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This week, Business Roundtable, an association of chief executive officers of top U.S. companies, published its 2014 report on how 150 of the U.S.’s top companies are demonstrating success in their sustainability efforts. The report includes a letter from Microsoft CEO Satya Nadella, who outlines how Microsoft is meeting its commitment to become carbon neutral and using technology to discover new ways to better understand our planet.
As Microsoft embraces a more thoughtful approach to powering the cloud, we’re looking at how we can reinvent the datacenter to be more efficient and use more sustainable energy sources. Very few cities have embraced the clean energy economy like San Antonio and its mayor, Julian Castro. In addition, The University of Texas at San Antonio (UTSA) has demonstrated its commitment to a more sustainable energy future by establishing The Texas Sustainable Energy Research Institute (SERI) under the leadership of Dr. Les Shephard, formerly of Sandia National Lab. With one of our largest datacenters located in San Antonio, we saw an opportunity to work with the city’s renewable energy community on the role of datacenters in accelerating the growth of clean energy.
By now, it is likely common knowledge that driving accountability for carbon emissions is an important part of Microsoft’s commitment to carbon neutrality (or visit past blog posts for a refresher on our carbon fee program, including our Carbon Fee Playbook). Fortunately for our planet, carbon accountability is getting more attention both in the media and with companies and individuals who are able to help make a difference, and we are excited to play a part in increasing awareness around this issue. Recently, the Climate Disclosure Project (CDP) released a whitepaper featuring Rob Bernard and other thought leaders that focused on how corporations use carbon prices.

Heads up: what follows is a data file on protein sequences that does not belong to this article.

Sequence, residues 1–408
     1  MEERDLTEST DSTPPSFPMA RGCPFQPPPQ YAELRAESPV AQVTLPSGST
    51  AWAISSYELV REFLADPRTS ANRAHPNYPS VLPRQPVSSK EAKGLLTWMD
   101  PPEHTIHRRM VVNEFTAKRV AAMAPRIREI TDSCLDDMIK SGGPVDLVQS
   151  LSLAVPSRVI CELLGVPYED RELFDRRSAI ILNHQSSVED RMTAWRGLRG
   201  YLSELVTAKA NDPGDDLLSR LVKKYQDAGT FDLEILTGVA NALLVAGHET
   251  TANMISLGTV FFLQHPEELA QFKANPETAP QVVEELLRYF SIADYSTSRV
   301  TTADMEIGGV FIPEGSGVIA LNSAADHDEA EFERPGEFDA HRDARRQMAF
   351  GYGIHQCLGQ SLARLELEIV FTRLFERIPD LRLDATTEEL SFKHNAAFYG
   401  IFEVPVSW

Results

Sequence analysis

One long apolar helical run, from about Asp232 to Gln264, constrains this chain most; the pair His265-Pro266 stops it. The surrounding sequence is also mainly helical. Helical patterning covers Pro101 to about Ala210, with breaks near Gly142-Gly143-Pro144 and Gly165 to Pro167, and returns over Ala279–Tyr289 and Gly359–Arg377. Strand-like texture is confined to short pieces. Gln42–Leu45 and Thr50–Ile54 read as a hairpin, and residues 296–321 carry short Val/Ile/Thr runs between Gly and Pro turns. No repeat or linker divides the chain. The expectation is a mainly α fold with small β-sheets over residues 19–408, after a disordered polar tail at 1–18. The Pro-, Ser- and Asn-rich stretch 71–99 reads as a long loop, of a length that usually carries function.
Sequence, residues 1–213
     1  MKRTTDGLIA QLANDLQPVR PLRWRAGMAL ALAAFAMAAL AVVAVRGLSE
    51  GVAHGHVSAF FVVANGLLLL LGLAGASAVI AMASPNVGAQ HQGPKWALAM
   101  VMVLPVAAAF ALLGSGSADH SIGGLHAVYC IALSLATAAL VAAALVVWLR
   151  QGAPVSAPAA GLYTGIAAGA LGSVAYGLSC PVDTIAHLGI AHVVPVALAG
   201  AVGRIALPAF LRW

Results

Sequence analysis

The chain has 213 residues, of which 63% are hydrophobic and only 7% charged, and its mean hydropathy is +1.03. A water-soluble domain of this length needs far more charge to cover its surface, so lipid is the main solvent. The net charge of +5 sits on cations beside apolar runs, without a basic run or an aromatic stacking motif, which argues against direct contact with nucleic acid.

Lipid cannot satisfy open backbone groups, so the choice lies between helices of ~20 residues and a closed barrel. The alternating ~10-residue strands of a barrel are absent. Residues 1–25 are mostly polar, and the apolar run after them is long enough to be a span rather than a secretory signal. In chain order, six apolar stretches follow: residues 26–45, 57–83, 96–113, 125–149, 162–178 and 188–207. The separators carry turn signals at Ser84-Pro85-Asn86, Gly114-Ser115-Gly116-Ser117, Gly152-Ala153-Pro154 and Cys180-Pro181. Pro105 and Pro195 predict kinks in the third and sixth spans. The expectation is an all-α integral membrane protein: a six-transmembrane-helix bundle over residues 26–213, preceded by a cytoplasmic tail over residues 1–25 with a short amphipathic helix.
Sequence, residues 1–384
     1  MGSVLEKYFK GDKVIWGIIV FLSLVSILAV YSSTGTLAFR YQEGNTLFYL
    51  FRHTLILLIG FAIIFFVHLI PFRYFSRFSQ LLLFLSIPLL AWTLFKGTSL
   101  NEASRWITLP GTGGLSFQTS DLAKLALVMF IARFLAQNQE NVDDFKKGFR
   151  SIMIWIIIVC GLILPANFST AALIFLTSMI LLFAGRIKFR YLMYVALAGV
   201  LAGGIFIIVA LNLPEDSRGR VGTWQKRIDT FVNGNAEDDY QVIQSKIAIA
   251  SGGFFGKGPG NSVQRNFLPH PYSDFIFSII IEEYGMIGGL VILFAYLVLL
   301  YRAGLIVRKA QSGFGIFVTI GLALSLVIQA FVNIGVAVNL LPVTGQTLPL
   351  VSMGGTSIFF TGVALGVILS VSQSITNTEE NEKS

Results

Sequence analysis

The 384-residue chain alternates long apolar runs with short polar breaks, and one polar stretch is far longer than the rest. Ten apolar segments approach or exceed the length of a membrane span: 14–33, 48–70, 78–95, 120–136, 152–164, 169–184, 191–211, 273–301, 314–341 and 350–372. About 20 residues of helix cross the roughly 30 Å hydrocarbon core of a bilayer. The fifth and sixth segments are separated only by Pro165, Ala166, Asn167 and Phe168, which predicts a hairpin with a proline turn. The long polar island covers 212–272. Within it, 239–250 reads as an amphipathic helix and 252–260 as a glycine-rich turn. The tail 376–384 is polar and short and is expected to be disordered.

Earlier this week Microsoft, along with organizations like Goodwill Industries, Xerox and Sony America, were announced as founding members of R2 Leaders. R2 Leaders are organisations that encourage use of the R2 Standard and have demonstrated a commitment to the safe, sensible and sustainable repair and recycling of used electronics. This reflects Microsoft’s commitment to support the development of standards for better reuse and recycling of electronic devices around the world. The R2 Standard for electronics disposal sets forth requirements relating to environmental, health, safety, and security aspects of electronics reuse and recycling. It also ensures that more toxic material streams are managed safely and responsibly by downstream vendors – all the way to final disposition. It also prohibits e-recyclers and their downstream vendors from exporting these more toxic materials to countries that have enacted laws making their import illegal. Worldwide, over 540 facilities in 17 countries are certified to the R2 Standard.